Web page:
The guidance also provides several examples of IVD uses that it considers to be investigational:

    • Identifying subjects for study enrollment criteria (e.g., inclusion, exclusion);
    • Predicting increased or decreased risk for serious adverse events from the therapeutic product;
    • Determining appropriate dosing levels/amounts;
    • Monitoring response to a therapeutic product; and
    • Assigning subjects to study arms.

    These examples, like the initial definition, appear straightforward. In each of these examples, the IVD is used prospectively in a manner that could affect therapeutic management of a patient, and the study is also evaluating the safety and effectiveness of the IVD in addition to the therapeutic product.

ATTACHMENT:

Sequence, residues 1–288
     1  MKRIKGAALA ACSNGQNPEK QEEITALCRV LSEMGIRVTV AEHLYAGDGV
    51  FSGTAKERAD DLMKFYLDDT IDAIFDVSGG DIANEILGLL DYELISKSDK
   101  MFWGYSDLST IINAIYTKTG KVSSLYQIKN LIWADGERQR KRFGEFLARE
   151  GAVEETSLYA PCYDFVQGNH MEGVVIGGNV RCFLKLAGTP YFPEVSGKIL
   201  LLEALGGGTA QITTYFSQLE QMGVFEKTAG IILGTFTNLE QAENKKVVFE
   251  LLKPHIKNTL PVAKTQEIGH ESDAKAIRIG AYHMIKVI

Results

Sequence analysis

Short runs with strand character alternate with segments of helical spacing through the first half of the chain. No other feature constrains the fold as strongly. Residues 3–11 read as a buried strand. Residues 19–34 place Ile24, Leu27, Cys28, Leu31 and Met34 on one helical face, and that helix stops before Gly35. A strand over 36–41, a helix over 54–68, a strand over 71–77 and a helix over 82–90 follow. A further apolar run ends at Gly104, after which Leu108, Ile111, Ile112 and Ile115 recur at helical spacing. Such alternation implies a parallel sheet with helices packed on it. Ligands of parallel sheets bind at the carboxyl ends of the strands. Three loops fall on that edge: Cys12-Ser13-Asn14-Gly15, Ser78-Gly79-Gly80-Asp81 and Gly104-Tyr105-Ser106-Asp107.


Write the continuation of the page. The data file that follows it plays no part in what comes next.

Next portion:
The guidance includes one last example, which is far less straightforward, reading:

    Retrospective studies. Retrospective studies involve the analysis of specimens after subjects are enrolled in the trial or the trial is complete. In most cases, if the investigational IVD result does not influence treatment, that IVD would be considered lower risk and may be exempt from most IDE regulation requirements if the criteria in 21 CFR 812.2(c)(3) are met (see section III.B.3 above). Prospective retrospective studies, where specimens are collected expressly for the purpose of retrospective analysis, would carry the risk associated with specimen collection occurring outside of standard patient care.